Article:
Monday 8th July 2013
A Canned Task and Cunims
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|"Monsieur Meteo" Joel Favre|
An early briefing at 9am and everyone congregated in the Doussard Hall. With the promise of thunderstorms the organisers wanted to get everyone together just in case we needed to drive off to another site. After an excellent weather briefing again from Joel Favre, the take-off at Semnoz would allow the pilots to fly out in to the valley away from the CuNims that were forecast for the “massif” of the mountains. With a travel needed to the site on the west side of Annecy, we delayed my presentation on My Cloudbase’s Tracker app until tomorrow.
The route to Semnoz was meant to take us on the road that I had used for retrieve for the last few days, heading South West down one of the valleys toward Chambery. Having silenced a car debate started on the best route to take I ignored Andy’s advice and took the windy Tour de France road which I knew having used it before, much to the annoyance of the pilots. Very quickly my decision was questioned, with observations made about how straight and easy the other road looked and there was a chance that Luke was going to throw up. Time to eat some humble pie. “OK Andy, you may have point...”. Well, he was reading the map and GPS and as we joined up with the main road the circus of hang gliding cars was zooming past.
On arriving at the foot of Semnoz, we starting driving up the long road to the summit. Unfortunately about 3km from the top there was a “Route Barre” sign. Not a problem, we thought, as it was probably left over from yesterday stage of the Tour. Squeezing past the barrier we then drove on up to the top. Well, not quite to the top. About 2km from the summit we came up against a road roller. Great, the road was being re-surfaced. There was no way we could get through the road works, even after I pleaded with the gang leader.
Now listening to Andy’s navigational advice, we drove all the way back down the mountain to get round to the North side and to go up the summit road from the other side. As we joined the main road once more, I thought we were being subjected to a road rage incident, but it was in fact Jean Louis who overtook and flagged us down to make sure we knew where we were going… Poor organisers, they are trying their best to make everything run as smoothly as possible, with updates from all the local authorities, but how can they plan for impromptu road works?
|Missing my glider? Surely not...|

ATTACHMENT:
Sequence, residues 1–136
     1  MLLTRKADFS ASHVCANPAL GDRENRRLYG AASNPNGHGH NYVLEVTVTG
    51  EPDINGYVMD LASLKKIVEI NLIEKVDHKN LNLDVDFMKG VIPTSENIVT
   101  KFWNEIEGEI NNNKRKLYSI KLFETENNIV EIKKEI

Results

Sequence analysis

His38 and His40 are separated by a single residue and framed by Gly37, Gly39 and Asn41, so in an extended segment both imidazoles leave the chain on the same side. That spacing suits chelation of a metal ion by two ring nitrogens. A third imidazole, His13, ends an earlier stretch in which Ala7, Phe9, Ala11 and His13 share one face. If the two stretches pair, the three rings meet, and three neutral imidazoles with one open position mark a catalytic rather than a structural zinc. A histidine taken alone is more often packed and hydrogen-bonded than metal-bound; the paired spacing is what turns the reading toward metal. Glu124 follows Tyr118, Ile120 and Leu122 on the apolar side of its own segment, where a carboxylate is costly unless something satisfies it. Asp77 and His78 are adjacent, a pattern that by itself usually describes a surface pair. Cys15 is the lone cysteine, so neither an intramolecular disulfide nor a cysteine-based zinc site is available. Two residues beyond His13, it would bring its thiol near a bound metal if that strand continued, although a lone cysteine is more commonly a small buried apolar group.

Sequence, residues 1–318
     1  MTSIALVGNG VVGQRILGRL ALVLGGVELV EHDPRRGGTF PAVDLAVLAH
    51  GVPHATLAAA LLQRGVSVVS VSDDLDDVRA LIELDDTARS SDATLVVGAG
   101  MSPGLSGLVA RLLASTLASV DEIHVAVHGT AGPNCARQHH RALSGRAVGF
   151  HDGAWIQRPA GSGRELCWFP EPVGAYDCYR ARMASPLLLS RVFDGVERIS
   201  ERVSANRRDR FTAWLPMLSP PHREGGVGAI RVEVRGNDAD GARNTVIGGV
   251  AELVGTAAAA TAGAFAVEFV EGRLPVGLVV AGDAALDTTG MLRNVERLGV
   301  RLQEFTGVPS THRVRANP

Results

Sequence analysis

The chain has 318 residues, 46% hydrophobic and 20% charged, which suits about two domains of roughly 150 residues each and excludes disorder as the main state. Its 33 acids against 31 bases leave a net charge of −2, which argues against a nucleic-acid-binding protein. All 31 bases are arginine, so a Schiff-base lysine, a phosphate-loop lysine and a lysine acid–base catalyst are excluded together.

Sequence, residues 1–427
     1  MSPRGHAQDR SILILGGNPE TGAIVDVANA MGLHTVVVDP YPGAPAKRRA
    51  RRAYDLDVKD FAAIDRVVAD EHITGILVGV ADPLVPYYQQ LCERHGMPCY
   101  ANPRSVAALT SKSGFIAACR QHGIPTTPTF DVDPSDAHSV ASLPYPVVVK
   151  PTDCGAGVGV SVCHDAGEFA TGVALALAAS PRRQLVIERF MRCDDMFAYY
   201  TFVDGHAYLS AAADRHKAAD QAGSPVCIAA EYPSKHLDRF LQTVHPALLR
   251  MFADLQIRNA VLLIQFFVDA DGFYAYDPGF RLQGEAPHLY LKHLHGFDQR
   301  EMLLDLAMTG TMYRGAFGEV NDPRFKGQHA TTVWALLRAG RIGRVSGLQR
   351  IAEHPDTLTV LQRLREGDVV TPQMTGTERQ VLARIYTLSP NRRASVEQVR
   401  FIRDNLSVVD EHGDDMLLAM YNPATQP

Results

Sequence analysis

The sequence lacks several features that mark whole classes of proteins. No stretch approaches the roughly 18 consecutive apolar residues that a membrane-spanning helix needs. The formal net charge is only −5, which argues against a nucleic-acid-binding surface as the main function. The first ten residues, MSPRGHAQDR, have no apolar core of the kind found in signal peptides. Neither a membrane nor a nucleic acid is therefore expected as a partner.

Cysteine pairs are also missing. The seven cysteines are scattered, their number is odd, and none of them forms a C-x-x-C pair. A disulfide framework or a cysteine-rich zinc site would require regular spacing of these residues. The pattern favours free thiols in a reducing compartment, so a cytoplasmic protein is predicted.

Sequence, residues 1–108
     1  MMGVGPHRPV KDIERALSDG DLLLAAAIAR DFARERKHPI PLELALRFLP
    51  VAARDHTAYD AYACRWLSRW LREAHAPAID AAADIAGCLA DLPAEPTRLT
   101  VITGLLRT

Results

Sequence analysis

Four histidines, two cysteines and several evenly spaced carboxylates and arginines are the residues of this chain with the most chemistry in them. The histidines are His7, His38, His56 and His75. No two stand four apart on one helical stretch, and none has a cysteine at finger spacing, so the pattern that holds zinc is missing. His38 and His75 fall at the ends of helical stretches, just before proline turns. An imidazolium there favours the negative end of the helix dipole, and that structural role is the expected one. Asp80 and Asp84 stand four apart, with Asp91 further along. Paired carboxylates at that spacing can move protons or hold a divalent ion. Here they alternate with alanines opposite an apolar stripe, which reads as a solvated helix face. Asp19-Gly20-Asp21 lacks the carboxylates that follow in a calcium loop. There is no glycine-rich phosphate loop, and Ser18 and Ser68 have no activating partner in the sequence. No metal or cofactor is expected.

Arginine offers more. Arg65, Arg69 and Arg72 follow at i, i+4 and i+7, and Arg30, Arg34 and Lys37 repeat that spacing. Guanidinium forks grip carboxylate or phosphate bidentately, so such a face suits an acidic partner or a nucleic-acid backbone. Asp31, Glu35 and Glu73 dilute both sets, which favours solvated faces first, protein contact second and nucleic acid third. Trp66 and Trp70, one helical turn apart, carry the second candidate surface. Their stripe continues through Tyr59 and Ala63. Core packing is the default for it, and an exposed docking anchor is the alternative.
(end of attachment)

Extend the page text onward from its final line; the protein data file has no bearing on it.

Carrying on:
Forty minutes later and we arrived the summit of Semnoz and were greeted with a spectacular view. And by our friendly traffic marshal. Asking him not to hit the car again, he the told us go home to our own country. There’s always one. Thank goodness he is NOT representative of the how the competition is being run – a friendlier bunch of people you could not hope to meet so as Lord Sugar would say “You’re fired!”
Cloud base was still below mountain height so we were looking out on to a sea of clouds. Pretty as it may be though, it did mean that flying was looking quite dubious. It was likely that by the time the base lifted, the thunderstorms would be building. There was only going to be a small window of opportunity to fly a task. Rigging by the last of three ramps to the North, the alpine cows showed too much interest in the gliders and continually had to be chased away, with one nearly putting a hoof through a line of neatly lined up rigids. That would have been very expensive bag of crushed carbon.
At 12pm, a briefing was called. A task had been set along the ridge and out in front to the relatively flatter terrain, creating a flat triangle course. As the cloud was still low, the launch window and start time was to be announced at a second briefing at 1pm.
|Team GBs task planning map.|
Sorry, Blogspot keeps rotating the pictures.
|Kath and the girls|
Task cancelled. No surprise really. The cloud out in front of take off was stubbornly refusing to lift, and the CuNims to the in the massif were starting to build quickly. Andy and Luke opted to fly the 9km back to the Doussard field while Neil packed up – a rest day is no bad thing after five days flying.
Having watched individual “cells” of clouds building, the sky to the south was now becoming one big spread out storm that was starting to tower. “Ben to Team GB. Clouds to the south spreading out quickly. Don’t hang around. Get yourselves down to Doussard as soon as possible”. “I hear you Ben”. With his flying experience, Andy was all too aware of how flying conditions can change rapidly for the worse. “There is a big blue hole over the lake” came Luke’s reply. “Ok Luke, but stay with Andy and land as soon as possible”. A storm the size of the one we could see growing can create a gust front a long way out in front of it, causing severe changes in wind speed and direction, not something you want to experience near to the ground.
Driving back to Doussard, I received a text from Andy saying that they had landed, and asking if I could bring the hacksaw over as his harness karabiner was jammed shut. I later found out that he had been performing some high speed wing overs and the stress on the karabiner had caused it to twist.